by Captain Joe
Let’s imagine you´re sitting in your car, and as you get onto the motorway it starts pouring with rain. One little move with your finger and you are windscreen wipers comes on, and you have a clear sight onto the road again. But how about airplanes, how do they get rid of the rain?
Put yourself into your passenger seat and imagine that we are slowly taxing towards the runway and it´s raining heavily. A passenger jet taxi´s (straight) with a speed at about 20 – 35 mph (30-60 km/h), which is not fast enough for the air stream to clear the windshields from raindrops.
The visibility reduces dramatically which can be dangerous on airport aprons. So with one little hand movement, like in your car, every pilot can switch on his windscreen wiper. There is one wiper on each side which can be turned on separately and has two speed settings, slow and fast.
During a rainy take-off roll we keep the wipers switched on, cause as you gain speed a lot of the water from the nose cone runs over the windshields and the visibility is reduced even more, so you have the option to increase the wiper speed . Similar as you go along the motorway at 60 mph, you may use wiper speed „1“, but if you accelerate to 100 mph, at the same amount of rain, you’re gonna have to adjust your wiper speed.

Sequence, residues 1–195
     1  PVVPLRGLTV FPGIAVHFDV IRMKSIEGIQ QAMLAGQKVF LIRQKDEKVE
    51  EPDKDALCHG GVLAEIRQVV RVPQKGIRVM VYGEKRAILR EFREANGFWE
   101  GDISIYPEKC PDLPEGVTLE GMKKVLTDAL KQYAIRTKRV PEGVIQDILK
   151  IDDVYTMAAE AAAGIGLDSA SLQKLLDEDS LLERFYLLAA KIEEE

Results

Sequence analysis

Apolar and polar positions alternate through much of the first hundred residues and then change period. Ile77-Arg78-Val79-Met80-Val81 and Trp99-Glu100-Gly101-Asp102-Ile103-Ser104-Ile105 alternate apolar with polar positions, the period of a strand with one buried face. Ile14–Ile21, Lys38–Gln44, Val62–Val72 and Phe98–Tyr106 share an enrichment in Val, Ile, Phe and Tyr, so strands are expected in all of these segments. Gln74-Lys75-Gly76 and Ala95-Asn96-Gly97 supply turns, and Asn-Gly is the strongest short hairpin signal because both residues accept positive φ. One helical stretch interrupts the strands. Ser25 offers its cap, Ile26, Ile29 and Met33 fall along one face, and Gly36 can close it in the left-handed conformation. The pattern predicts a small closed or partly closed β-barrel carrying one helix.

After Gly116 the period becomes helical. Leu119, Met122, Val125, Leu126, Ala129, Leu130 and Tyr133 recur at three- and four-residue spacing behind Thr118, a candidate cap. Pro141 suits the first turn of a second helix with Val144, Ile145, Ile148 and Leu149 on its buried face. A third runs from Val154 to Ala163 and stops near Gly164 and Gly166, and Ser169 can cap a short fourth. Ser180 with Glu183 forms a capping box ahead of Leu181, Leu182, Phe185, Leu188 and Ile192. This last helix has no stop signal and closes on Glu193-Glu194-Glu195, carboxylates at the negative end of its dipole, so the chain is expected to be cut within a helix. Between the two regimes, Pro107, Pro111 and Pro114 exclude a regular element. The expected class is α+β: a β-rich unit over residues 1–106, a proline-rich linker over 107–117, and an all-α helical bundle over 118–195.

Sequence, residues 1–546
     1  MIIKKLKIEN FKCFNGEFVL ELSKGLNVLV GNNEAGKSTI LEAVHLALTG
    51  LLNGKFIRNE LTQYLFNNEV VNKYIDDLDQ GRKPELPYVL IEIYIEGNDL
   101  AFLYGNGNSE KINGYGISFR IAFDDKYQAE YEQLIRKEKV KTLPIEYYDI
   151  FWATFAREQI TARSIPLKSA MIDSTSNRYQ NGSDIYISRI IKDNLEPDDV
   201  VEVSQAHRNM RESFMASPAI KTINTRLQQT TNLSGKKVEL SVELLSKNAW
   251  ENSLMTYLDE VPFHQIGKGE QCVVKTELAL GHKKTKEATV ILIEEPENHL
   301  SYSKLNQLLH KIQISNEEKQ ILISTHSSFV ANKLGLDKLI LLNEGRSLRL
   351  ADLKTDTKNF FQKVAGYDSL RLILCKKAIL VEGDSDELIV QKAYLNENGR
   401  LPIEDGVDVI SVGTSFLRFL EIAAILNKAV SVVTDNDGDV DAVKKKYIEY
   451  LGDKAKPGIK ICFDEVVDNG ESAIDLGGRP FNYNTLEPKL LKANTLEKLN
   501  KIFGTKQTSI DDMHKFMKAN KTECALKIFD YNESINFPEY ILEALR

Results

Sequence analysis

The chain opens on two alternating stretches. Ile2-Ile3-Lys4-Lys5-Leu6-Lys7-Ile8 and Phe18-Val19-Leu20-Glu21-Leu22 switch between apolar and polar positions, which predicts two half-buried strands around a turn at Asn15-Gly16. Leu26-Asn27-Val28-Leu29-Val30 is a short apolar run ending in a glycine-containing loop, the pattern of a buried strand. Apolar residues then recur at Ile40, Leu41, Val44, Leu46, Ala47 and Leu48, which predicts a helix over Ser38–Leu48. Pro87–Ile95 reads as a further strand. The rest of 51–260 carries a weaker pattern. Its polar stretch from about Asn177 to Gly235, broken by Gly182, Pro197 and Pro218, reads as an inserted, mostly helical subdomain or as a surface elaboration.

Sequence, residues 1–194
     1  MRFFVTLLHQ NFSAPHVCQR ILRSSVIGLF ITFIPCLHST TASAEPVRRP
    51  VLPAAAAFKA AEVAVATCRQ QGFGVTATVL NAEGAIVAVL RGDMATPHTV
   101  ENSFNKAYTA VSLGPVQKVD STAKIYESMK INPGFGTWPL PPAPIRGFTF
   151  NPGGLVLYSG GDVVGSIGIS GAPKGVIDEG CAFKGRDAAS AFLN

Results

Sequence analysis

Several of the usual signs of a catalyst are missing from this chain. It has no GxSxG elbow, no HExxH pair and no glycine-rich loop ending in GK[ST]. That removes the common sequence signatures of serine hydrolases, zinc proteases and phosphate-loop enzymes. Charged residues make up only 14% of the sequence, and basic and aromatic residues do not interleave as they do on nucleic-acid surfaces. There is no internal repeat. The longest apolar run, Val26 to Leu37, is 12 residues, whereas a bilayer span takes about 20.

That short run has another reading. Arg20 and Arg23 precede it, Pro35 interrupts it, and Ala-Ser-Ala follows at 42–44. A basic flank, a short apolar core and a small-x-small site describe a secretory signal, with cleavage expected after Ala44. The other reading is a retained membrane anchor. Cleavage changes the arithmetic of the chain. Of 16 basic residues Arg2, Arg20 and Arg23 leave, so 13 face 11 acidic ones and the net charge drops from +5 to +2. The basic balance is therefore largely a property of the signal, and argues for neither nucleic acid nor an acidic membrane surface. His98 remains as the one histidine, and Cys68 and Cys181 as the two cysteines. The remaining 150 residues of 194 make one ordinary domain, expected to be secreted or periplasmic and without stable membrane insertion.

Okay let’s imagine we are in flight:
During en route cruise the wipers are inoperative. They are aerodynamically and mechanically limited to the speed of the aircraft so that the switches are inhibited. The limit varies between aircraft manufactures. The limiting speed for example on an Airbus A320 is 230 kts (260 mph). On final approach (approx 20 miles from the runway) you fly at speeds of 260 mph, which is fast enough to clear the windshields from rain.
But three miles prior to landing you will have reduced the speed down to 140 kts and in heavy rain the wipers are absolutely essential to get clearly visibility onto the runway.
In the event that one wiper is inoperative, may only the pilot with the functional wiper fly the aircraft. In the event that both wipers are inoperative, which is very unlikely, the aircraft is limited such as it may only take-off and land in visual meteorological conditions and it´s capability to land within certain approach minimas (height and visibility) is reduced and limited.
Single engine airplanes don’t necessarily need wipers cause the propeller air stream is strong enough to clear the windshield of precipitation and most of them are only certified to fly in visual meteorological conditions anyways.
Many aircraft manufacturers also installed a switch or a button which allows you to spray “rain repellent” onto the windscreen in heavy rain, similar to your wiper washer. Unfortunately this liquid was banned in many countries due to its highly chemical substances so that on most airplanes this switch is set inoperative.